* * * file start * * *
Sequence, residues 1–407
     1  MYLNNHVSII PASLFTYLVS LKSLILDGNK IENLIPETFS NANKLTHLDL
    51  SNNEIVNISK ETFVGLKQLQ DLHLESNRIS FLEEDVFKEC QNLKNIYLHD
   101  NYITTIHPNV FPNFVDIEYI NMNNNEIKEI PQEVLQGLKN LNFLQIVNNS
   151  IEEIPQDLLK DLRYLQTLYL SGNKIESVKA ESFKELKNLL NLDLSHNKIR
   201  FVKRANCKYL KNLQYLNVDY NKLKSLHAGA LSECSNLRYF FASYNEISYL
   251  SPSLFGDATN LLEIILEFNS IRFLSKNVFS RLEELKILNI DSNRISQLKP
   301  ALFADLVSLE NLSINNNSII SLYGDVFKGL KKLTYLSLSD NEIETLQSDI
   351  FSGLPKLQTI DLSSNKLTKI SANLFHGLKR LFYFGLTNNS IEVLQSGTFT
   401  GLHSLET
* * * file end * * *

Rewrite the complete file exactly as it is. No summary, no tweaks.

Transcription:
Sequence, residues 1–407
     1  MYLNNHVSII PASLFTYLVS LKSLILDGNK IENLIPETFS NANKLTHLDL
    51  SNNEIVNISK ETFVGLKQLQ DLHLESNRIS FLEEDVFKEC QNLKNIYLHD
   101  NYITTIHPNV FPNFVDIEYI NMNNNEIKEI PQEVLQGLKN LNFLQIVNNS
   151  IEEIPQDLLK DLRYLQTLYL SGNKIESVKA ESFKELKNLL NLDLSHNKIR
   201  FVKRANCKYL KNLQYLNVDY NKLKSLHAGA LSECSNLRYF FASYNEISYL
   251  SPSLFGDATN LLEIILEFNS IRFLSKNVFS RLEELKILNI DSNRISQLKP
   301  ALFADLVSLE NLSINNNSII SLYGDVFKGL KKLTYLSLSD NEIETLQSDI
   351  FSGLPKLQTI DLSSNKLTKI SANLFHGLKR LFYFGLTNNS IEVLQSGTFT
   401  GLHSLET